Page 1:Resident Evil 5 Makes Its Way To The PC
Page 2:Image Quality Settings
Page 3:Image Quality: Radeon Versus GeForce + 3D Vision
Page 4:Image Quality: DirectX 9 Versus DirectX 10
Page 5:Test System And Settings
Page 6:Benchmarks: Comparing Detail Settings And Performance Impact
Page 7:Benchmark Results: Medium Detail, DirectX 9
Page 8:Benchmark Results: High Detail, DirectX 9
Page 9:Benchmark Results: 4x AA, DirectX 9
Page 10:Benchmark Results: DirectX 10 For Nvidia 3D Vision LCD Glasses
Page 11:CPU Benchmarks: Clock Speeds And Multiple Cores
Image Quality Settings
The Resident Evil 5 benchmark has two separate launch options: DirectX 9 or DirectX 10. After you choose the DirectX version you'd like to test, there are only three main detail controls to adjust: Shadow Detail, Texture Detail, and Overall Quality. Each has a low, medium, and high setting. In addition, there is a Motion Blur option that can be set to on or off and an anti-aliasing (AA) option for 0x, 2x, 4x, and 8x AA.
Note that the benchmark randomly assigns different character skins every time it is run, making it difficult to easily compare character levels of detail.
There are no shadows on the low detail setting, which takes a lot of potential depth away from the scene. The textures are blurry and the lighting model is fairly simple.
At medium details, the game still uses low-polygon models, but the higher texture resolution helps out a lot. Shadows are introduced to the characters, which add some much-needed depth to the scene. The lighting model is also really improved--notice how there is a lot more depth and detail to the lighting on structures and objects.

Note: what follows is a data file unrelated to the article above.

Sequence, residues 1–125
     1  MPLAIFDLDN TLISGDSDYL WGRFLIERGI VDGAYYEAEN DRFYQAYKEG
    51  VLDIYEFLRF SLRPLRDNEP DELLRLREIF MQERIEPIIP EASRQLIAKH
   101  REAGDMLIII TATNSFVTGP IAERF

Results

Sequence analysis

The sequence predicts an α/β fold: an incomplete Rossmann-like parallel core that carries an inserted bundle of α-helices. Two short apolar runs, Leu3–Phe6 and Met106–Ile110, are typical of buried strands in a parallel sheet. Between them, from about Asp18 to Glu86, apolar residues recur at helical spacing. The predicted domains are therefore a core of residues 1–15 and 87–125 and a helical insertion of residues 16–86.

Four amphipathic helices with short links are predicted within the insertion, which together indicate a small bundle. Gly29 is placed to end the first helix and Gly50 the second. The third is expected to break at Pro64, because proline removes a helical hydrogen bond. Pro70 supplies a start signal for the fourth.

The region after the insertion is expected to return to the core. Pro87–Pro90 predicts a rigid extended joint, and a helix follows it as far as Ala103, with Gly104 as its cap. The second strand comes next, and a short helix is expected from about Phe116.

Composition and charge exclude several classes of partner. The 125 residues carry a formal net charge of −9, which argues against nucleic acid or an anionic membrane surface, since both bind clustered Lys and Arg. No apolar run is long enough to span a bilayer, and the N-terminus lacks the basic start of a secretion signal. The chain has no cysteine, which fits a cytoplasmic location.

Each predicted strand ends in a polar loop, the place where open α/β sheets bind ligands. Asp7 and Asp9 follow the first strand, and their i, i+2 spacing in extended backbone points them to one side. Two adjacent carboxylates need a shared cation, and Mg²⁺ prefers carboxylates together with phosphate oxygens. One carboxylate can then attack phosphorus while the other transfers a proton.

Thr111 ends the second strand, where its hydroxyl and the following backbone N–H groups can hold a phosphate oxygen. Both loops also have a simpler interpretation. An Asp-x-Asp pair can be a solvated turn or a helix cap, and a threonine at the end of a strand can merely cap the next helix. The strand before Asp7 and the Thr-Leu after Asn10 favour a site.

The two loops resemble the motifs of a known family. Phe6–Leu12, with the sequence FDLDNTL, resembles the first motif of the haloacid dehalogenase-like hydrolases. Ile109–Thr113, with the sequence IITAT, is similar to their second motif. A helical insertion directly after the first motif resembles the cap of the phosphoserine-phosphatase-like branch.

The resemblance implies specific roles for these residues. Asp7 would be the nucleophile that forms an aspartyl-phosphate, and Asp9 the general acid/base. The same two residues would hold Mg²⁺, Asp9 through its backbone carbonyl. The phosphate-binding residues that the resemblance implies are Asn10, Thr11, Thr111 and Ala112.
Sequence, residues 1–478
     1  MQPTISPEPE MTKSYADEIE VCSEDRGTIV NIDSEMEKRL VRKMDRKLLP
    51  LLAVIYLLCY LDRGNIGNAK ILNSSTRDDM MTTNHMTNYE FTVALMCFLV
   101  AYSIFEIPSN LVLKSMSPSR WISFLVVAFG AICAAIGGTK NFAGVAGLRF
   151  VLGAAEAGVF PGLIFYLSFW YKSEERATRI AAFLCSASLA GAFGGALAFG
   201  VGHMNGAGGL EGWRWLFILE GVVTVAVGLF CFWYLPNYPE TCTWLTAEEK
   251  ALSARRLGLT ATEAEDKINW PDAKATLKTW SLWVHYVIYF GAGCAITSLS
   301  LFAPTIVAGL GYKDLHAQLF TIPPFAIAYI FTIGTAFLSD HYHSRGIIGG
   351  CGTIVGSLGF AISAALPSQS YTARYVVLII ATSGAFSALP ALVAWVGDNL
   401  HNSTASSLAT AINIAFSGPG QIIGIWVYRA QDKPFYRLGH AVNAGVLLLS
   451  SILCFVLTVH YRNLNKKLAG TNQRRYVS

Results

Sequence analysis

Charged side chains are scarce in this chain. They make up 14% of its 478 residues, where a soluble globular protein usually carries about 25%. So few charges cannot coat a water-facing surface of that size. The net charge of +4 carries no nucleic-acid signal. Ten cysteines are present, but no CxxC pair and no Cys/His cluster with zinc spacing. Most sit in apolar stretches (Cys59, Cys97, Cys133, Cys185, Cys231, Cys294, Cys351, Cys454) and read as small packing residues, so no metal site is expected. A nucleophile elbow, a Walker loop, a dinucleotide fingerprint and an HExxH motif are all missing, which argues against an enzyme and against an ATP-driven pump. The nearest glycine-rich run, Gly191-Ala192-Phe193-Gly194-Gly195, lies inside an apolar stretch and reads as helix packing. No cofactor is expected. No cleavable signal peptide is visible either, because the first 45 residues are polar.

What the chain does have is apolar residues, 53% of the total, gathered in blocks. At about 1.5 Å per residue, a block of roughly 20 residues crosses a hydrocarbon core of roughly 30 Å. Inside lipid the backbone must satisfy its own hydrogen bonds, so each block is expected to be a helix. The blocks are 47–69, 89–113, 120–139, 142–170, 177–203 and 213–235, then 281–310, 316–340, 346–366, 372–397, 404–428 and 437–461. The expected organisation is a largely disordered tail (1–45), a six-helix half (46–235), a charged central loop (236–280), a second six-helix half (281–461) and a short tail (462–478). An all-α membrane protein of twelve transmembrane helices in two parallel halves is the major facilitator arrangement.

High detail really kicks the graphical fidelity into high gear. Texture and shadow detail are amped up, but the real magic is happening in the model detail, lighting model, and shader effects.
Look at the character models: at high detail, the people have individual fingers instead of blocks for hands, and their feet are separate from their sandals. There are simply a lot more polygons for the game. Lighting is improved again, and there is a bump or displacement mapping effect that gives the models a lot more texture. There are also a number of shader effects that increase quality as well. A depth-of-field effect, for example, blurs objects as they increase distance from the camera, and there appears to be some ambient occlusion going on, as evidenced by the tell-tale dark halo around objects.
At the highest details, Resident Evil 5 offers a leading-edge graphics engine that is capable of some very nice visuals. It's not quite as advanced as titles like Crysis, but certainly very attractive and detailed. The game looks somewhat de-saturated and overexposed, but this is likely a conscious decision on the part of the art department to add to the game's dreadful, survival-horror feel.
- Resident Evil 5 Makes Its Way To The PC
- Image Quality Settings
- Image Quality: Radeon Versus GeForce + 3D Vision
- Image Quality: DirectX 9 Versus DirectX 10
- Test System And Settings
- Benchmarks: Comparing Detail Settings And Performance Impact
- Benchmark Results: Medium Detail, DirectX 9
- Benchmark Results: High Detail, DirectX 9
- Benchmark Results: 4x AA, DirectX 9
- Benchmark Results: DirectX 10 For Nvidia 3D Vision LCD Glasses
- CPU Benchmarks: Clock Speeds And Multiple Cores